|9.||Draught Indicators||1 Sept 1991||1 Sept 1991|
*Unless already fitted with approved door indication system
1.1 In these Standards,
"Board" means the Board of Steamship Inspection or the Marine Technical Review Board under the Canada Shipping Act (2001);
"breadth" means the greatest moulded breadth at or below the vessel's deepest subdivision load water line;
"deepest subdivision loadline" means the waterline that corresponds to the deepest draught;
"draught" means the vertical distance from the moulded base line amidships to a subdivision load line;
"existing vessel" means a vessel that is not a new vessel:
"ISO 12217-1" means the standard ISO 12217-1 Small craft — Stability and buoyancy assessment and categorization — Part 1: Non-sailing boats of hull length greater than or equal to 6 m;
"ISO 6185-3" means the standard ISO 6185-3 Inflatable boats — Part 3: Boats with a maximum motor power rating of 15 kW and greater ;
"ISO 6185-4" means the standard ISO 6185-4 Inflatable boats — Part 4: Boats with an overall length of between 8 m and 24 m and with a motor maximum power rating of 75 kW and greater
"length" in respect of a vessel, means the horizontal distance between perpendiculars erected at the extreme ends of the deepest subdivision load water line of the vessel;
"machinery space" means the space extending from the moulded base line of the vessel to the margin line and between the extreme main transverse watertight bulkheads bounding the spaces appropriated to the main and auxiliary propelling machinery, boilers, and the permanent coal bunkers, if any;
"margin line" means a line drawn at least 76mm below the upper surface of the bulkhead deck at the side of a vessel.
"new vessel" means, for Part II, of these Standards,
- a Canadian registered passenger vessel the keel of which is laid on or after 1 October 2007,
- a Canadian registered vessel, other than a passenger vessel, that is converted to a passenger vessel on or after 1 October 2007,
- a passenger vessel that is transferred to registry in Canada on or after 1 October 2007,
- a passenger vessel which undergoes major modifications on or after 1 October 2007,or
"passenger space" means space provided for the use of passengers;
"permeability", in relation to a space, means the percentage of that space below the vessel's margin line that, on the assumption that it is in use for the purpose for which it is appropriated, can be occupied by water;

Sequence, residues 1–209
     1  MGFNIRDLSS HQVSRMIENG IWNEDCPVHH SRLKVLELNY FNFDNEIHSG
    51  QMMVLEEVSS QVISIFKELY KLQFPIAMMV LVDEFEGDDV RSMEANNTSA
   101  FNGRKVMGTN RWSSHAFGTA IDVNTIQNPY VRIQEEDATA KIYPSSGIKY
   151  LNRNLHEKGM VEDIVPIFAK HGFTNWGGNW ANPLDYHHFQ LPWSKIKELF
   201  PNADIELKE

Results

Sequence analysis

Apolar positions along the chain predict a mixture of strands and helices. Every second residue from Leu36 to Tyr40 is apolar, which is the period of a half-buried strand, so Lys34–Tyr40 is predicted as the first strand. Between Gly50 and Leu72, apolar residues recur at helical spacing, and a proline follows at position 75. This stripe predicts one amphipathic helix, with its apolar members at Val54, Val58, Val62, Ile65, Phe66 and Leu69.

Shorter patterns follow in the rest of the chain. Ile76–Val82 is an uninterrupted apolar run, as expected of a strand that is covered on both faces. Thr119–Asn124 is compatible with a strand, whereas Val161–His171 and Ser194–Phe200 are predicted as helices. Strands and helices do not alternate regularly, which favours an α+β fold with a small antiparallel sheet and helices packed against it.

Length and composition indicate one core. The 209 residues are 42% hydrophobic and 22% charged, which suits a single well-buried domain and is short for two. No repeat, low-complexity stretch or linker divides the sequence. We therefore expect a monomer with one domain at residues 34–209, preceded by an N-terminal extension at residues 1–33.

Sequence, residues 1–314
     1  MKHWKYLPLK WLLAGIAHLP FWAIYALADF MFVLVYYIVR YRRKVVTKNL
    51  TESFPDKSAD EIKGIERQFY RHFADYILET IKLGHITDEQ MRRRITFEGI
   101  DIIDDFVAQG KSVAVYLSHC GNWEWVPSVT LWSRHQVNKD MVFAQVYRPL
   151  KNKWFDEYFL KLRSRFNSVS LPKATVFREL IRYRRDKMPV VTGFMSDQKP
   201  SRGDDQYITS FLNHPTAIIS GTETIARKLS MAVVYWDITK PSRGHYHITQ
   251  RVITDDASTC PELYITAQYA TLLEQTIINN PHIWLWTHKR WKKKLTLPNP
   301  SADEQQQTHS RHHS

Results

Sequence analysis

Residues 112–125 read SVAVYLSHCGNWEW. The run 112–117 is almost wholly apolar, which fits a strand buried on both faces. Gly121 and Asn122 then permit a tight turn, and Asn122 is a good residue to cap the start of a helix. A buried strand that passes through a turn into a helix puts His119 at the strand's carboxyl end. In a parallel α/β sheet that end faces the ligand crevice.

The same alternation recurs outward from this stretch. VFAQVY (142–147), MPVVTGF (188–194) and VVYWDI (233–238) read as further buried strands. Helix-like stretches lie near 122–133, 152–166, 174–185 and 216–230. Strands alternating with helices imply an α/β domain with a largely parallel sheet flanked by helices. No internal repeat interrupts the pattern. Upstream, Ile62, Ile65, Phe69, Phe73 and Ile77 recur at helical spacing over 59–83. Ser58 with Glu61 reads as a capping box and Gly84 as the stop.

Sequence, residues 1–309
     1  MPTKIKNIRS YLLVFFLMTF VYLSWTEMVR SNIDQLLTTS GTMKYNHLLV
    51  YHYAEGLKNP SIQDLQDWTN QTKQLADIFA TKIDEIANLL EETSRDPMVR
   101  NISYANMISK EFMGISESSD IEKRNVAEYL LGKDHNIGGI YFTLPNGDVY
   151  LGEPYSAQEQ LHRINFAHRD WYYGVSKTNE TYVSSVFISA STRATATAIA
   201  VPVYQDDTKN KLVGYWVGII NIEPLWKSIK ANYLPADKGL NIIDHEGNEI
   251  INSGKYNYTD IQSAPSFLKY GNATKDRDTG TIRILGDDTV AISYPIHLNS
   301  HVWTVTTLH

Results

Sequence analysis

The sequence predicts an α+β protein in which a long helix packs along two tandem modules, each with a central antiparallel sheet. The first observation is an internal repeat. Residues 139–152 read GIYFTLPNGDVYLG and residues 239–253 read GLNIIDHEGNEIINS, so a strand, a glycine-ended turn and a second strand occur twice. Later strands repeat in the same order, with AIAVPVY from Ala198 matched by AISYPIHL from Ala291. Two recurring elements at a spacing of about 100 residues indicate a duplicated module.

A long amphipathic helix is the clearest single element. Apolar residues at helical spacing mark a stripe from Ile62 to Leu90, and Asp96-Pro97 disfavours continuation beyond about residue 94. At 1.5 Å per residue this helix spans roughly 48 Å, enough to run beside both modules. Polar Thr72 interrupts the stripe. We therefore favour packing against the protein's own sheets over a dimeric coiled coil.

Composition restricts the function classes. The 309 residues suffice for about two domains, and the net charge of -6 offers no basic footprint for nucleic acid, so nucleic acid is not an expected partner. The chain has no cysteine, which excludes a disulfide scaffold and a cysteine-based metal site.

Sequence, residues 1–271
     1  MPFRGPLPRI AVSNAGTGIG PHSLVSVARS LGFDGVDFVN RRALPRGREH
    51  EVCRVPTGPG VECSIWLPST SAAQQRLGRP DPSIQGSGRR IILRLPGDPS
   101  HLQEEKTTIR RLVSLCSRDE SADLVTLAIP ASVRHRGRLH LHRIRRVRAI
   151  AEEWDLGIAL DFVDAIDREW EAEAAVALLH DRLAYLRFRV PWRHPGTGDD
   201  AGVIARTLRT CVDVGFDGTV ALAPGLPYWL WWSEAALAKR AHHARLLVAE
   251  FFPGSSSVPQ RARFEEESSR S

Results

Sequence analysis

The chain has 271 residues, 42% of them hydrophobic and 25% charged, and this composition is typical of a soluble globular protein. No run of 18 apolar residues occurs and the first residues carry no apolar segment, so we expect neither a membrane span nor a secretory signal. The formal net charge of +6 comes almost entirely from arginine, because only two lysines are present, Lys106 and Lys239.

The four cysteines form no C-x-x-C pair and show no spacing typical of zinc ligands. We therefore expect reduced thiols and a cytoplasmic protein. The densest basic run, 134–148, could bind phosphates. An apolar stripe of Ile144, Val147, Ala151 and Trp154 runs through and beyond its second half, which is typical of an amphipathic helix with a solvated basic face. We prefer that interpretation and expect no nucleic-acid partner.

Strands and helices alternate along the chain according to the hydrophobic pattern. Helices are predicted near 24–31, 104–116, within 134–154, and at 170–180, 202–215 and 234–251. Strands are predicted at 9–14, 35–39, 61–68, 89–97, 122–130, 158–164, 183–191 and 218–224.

"persons" in relation to the number of persons carried, means the total complement on board the vessel (passengers and crew);
"ro-ro cargo space" means a space not normally subdivided in any way and extending for either a substantial length or for the entire length of the vessel in which goods (packaged or in bulk, in or on rail or road cars, vehicles (including road or rail tankers), trailers, containers, pallets, demountable tanks, or in or on similar stowage units or other receptacles) can be loaded and unloaded normally in a horizontal direction;
"Ro-Ro passenger vessel" means a passenger vessel with ro-ro cargo spaces or special category spaces
"Safety Convention" means the International Convention for the Safety of Life at Sea, 1974, signed at London on November 1, 1974 and the Protocol of 1978 relating thereto, signed at London on February 17, 1978 and any amendments, whenever made to the Annex to that convention other than Chapter I of the Annex;
"special category space" means an enclosed space intended for the carriage of motor vehicles with fuel in their tanks for their own propulsion, into and from which such space vehicles can be driven and to which passengers have access;
"undecked vessel" means either:
- a vessel that is not a fully decked boat or a partially decked boat as defined in ISO 12217, or
- a vessel where water taken above the deck level or the gunwale level will be admitted to the interior of the bilge.
1.2 Unless specifically defined in a particular Part, all other words and expressions used in these Standards have the same meaning as in the Canada Shipping Act 2001.
Part I - General
2. (1) The Standards apply to passenger vessels of more than 15 gross tonnage or carrying more than 12 passengers which are not Safety Convention vessels.
3. (1) Subject to subsection (2) where these Standards require that a particular fitting, material, appliance, apparatus, item of equipment or type thereof shall be fitted or carried on a vessel, or that any particular provision shall be made, or any procedure or arrangement shall be complied with, the Board may allow any other fitting, material, appliance, apparatus, item of equipment or type thereof to be fitted or carried, or any other procedure or arrangement to be made in the vessel, if it is satisfied by trial thereof or otherwise that such fitting, material, appliance, apparatus, item of equipment or type thereof or that any particular provision, procedure or arrangement is at least as effective as that required by these Standards.